Friday, March 27, 2020

Cristalino Birthday: Day 4

January 11, 2020

I can’t believe this is my last full day at Cristalino Jungle Lodge already. It thought it would be hard deciding what to do, but I hadn’t been with Rafael’s group in the morning yet, and I love going up to the Serra, so that’s where I spent the morning.

We had a bit of birding on our way there from the boat, including this raucous pair of Kawall's Parrots, distinctive with the lack of a white orbital ring and the white skin at the base of the bill.
Kawall's Parrot

We also saw this female Pompadour Cotinga from the boat – note the overall smooth gray color with a white iris.
Pompadour Cotinga

On the way up the Serra we made sure to look at and smell this amazing orchid, Stanhopea candida, found by the group that came up here yesterday.
Stanhopea candida

We perched on the highest granite dome for a while, hoping for a good mixed flock but none ever materialized. A flowering tree there was favored by this swallowtail, Battus crassus.
Battus crassus

A common plant this time of year (completely absent in the dry season) is this sensitive plant, Mimosa skinneri.
Mimosa skinneri

We never did have a good mixed flock of tanagers, but we managed to work up one good mob with pygmy-owl imitations, seeing Black-bellied Thorntail and Gould’s Jewelfront. They were constantly buzzing around, so I didn’t get photos of them.

We descended the Serra early enough to take the Cacau trail, which leads back downriver, almost as far as the lodge (though on the opposite side). As we arrived at the start of the trail, our boatman Francisco was waiting for us, and also flagged down another passing boat to show us the poison dart frog he found while hiking back to the boat. This was once thought to be an undescribed species, but now is recognized as a local color morph of Adelphobates galactonotus. It is found only on the left bank of the Cristalino River, living on the granite domes.
Adelphobates galactonotus

A short ways down the trail I acted fast enough upon seeing a bit of movement in the trail to grab this tiny lizard, Loxopholis percarinatum. I’ve seen this microteiid (family Gymnophthalmidae) twice before here and once in Ecuador, and given how small and inconspicuous they are, I’d venture to say that it’s a very common and widespread species, even if you’ve probably never heard of it.
Loxopholis percarinatum

I didn’t even see this young Yellow-footed Tortoise (Chelonoidis denticulatus) right in the middle of the trail, having stepped right over it.
Chelonoidis denticulatus

At lunchtime and during the break back at the lodge, I found this pair of Capybaras feeding by my cabin. I named them Frank and Betty, after two people I wish could have been here.

This Common Tent-making Bat (Uroderma bilobatum) was roosting in a new clump of Phenakospermum behind cabin 18. I had looked in the usual places around the staff clearing without finding any.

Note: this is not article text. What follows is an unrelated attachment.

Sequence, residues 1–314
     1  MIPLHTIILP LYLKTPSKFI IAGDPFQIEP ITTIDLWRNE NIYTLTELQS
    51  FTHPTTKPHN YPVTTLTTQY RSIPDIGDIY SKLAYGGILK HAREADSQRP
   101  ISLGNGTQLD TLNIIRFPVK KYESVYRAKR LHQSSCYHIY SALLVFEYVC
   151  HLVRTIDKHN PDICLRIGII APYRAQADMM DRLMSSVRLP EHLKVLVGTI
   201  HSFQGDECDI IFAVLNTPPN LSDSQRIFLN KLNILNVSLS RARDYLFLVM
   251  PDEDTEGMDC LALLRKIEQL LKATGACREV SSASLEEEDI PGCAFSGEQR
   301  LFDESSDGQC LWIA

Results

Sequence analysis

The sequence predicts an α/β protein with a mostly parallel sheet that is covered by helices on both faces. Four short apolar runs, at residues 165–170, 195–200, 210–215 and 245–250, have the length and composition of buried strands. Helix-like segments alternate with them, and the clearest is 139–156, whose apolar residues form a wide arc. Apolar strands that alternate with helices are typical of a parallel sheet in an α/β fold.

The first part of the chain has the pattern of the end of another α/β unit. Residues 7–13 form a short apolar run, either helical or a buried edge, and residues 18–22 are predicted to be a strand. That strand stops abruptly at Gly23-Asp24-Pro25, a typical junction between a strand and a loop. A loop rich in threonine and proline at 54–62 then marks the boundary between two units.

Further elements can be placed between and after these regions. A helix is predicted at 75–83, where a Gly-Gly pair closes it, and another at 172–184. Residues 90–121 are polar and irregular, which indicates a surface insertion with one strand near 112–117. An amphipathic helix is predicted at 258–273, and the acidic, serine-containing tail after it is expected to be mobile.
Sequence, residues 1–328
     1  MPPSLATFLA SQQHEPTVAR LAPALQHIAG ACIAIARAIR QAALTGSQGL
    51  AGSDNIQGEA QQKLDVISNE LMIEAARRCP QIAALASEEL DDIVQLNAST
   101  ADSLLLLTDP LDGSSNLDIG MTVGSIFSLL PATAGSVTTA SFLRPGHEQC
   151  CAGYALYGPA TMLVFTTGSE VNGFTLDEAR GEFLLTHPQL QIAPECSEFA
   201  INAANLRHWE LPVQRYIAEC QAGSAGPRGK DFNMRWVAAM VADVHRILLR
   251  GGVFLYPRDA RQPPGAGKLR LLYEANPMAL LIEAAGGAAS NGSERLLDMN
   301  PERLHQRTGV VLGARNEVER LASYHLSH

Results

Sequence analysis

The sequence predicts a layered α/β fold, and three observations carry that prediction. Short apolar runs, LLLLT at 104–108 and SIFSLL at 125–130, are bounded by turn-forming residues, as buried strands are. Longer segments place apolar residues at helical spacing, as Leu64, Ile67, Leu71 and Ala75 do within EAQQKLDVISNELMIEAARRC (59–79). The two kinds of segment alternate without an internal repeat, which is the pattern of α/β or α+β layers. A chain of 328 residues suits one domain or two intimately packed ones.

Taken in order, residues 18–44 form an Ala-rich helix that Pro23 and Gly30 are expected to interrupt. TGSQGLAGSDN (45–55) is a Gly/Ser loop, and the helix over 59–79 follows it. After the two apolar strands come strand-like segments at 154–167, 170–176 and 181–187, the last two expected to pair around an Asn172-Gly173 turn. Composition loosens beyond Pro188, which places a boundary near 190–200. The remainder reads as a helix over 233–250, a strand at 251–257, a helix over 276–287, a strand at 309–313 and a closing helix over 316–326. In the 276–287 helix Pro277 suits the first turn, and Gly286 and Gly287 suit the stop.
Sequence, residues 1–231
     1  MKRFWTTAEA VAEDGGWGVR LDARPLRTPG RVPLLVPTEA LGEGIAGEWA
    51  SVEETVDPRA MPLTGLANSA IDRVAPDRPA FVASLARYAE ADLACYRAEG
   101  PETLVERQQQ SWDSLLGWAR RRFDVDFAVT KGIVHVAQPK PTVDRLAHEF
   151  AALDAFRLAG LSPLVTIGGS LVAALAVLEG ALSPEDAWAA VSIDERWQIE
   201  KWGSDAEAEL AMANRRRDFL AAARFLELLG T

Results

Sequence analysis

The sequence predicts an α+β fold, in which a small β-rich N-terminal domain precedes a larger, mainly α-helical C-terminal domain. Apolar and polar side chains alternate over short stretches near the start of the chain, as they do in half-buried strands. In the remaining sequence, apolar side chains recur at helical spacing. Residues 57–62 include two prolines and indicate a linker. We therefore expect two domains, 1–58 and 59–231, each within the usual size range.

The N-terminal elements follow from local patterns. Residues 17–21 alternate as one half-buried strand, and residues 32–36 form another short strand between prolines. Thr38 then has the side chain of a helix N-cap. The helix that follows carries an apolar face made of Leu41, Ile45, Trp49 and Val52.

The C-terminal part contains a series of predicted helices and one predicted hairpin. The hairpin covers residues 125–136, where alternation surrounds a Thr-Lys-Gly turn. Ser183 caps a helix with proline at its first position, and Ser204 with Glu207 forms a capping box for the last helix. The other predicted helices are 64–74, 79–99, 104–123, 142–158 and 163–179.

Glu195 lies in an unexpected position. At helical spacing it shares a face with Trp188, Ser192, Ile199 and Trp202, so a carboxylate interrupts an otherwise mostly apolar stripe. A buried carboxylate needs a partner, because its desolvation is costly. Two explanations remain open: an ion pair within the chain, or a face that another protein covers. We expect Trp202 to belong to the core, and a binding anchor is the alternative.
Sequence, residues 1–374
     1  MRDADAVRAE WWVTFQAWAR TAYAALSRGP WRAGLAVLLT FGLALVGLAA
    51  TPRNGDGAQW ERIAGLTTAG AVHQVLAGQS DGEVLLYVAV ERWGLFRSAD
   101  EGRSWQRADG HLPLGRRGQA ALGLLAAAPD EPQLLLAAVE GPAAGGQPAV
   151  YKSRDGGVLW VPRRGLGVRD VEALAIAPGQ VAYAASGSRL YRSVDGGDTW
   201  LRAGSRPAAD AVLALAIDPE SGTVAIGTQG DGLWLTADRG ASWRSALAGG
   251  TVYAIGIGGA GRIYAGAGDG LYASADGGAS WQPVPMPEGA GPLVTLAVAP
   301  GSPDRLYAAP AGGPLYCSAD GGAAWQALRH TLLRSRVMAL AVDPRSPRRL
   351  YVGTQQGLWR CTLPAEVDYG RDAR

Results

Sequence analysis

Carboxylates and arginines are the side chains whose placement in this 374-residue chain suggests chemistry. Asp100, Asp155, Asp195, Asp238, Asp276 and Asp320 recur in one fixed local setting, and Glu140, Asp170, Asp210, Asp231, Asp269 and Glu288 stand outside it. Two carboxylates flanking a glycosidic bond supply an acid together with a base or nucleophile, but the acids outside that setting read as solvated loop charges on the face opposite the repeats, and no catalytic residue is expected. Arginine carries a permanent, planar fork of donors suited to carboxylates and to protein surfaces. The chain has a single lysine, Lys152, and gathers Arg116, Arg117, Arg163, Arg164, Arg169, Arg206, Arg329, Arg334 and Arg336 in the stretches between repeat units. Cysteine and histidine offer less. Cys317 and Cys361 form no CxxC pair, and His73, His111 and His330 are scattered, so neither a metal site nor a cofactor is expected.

Uroderma bilobatum

On the way back from lunch, a few of my friend had stopped to ogle this slug of larvae creeping along the ground. I knew they were sawfly larvae (a unique group of hymenopterans that don’t sting), later learning this is the genus Perreyia.

For the afternoon outing, I decided to do a fast walk all the way around Francisco’s Trail on my own, as I had never made a complete GPS track of it. At the start, I stopped to confirm that the Suriname Horned Frog (Ceratophrys cornuta) was still there!
Ceratophrys cornuta

I barely stopped for birds, but when I saw this turtle Platemys platycephala running in the trail, I had to stop for photos.
Platemys platycephala

At nearly the same spot as the turtle I stopped at some activity in the canopy and caught sight of Dusky Titis, Callicebus moloch. The canopy was too dark for decent photos, but I’d never photographed this monkey before.
Callicebus moloch moloch

I led one last night walk. Our first good find was this Günther's Banded Tree Frog, Boana fasciata.
Boana fasciata

With a flutter suddenly in my face, I swiped out instinctively and lightning fast, and in my hand was this sphinx moth, Xylophanes chiron. When holding these, you have to be firm and not worry about what feels like a sting. They are very strong, can shed scales so as to be slippery, and the spines on their legs aren’t sharp enough to really hurt.
Xylophanes chiron

Just as instinctively, I didn’t reach out and grab this huge centipede, Scolopendra hermosa. The species in this genus in Arizona is known to have a very painful bite.
Scolopendra hermosa

Best find of the walk was near the end – climbing vertically up a tree trunk next to the trail and about to enter a cavity was this Rainbow Boa, Epicrates cenchria. I gently lifted it off the tree and we quickly became BFF’s.
Epicrates cenchria

But eventually I had to reluctantly let it go.
Epicrates cenchria

No comments:

Post a Comment